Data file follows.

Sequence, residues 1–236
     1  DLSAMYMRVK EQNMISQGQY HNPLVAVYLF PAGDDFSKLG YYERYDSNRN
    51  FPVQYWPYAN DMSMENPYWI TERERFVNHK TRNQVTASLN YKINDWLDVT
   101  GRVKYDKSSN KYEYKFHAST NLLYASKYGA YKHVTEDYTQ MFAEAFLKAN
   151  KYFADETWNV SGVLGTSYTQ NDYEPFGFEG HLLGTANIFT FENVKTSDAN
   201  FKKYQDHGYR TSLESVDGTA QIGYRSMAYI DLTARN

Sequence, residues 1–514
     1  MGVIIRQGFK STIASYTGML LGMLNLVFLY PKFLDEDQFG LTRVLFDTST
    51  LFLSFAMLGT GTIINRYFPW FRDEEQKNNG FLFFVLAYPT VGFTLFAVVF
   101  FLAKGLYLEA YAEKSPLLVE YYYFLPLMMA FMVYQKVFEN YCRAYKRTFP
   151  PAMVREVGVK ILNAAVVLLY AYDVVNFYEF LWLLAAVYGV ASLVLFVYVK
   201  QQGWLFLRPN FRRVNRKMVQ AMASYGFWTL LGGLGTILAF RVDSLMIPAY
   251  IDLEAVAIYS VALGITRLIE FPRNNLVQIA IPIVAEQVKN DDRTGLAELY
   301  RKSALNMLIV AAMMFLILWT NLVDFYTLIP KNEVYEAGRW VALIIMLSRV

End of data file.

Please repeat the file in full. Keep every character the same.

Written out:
Sequence, residues 1–236
     1  DLSAMYMRVK EQNMISQGQY HNPLVAVYLF PAGDDFSKLG YYERYDSNRN
    51  FPVQYWPYAN DMSMENPYWI TERERFVNHK TRNQVTASLN YKINDWLDVT
   101  GRVKYDKSSN KYEYKFHAST NLLYASKYGA YKHVTEDYTQ MFAEAFLKAN
   151  KYFADETWNV SGVLGTSYTQ NDYEPFGFEG HLLGTANIFT FENVKTSDAN
   201  FKKYQDHGYR TSLESVDGTA QIGYRSMAYI DLTARN

Sequence, residues 1–514
     1  MGVIIRQGFK STIASYTGML LGMLNLVFLY PKFLDEDQFG LTRVLFDTST
    51  LFLSFAMLGT GTIINRYFPW FRDEEQKNNG FLFFVLAYPT VGFTLFAVVF
   101  FLAKGLYLEA YAEKSPLLVE YYYFLPLMMA FMVYQKVFEN YCRAYKRTFP
   151  PAMVREVGVK ILNAAVVLLY AYDVVNFYEF LWLLAAVYGV ASLVLFVYVK
   201  QQGWLFLRPN FRRVNRKMVQ AMASYGFWTL LGGLGTILAF RVDSLMIPAY
   251  IDLEAVAIYS VALGITRLIE FPRNNLVQIA IPIVAEQVKN DDRTGLAELY
   301  RKSALNMLIV AAMMFLILWT NLVDFYTLIP KNEVYEAGRW VALIIMLSRV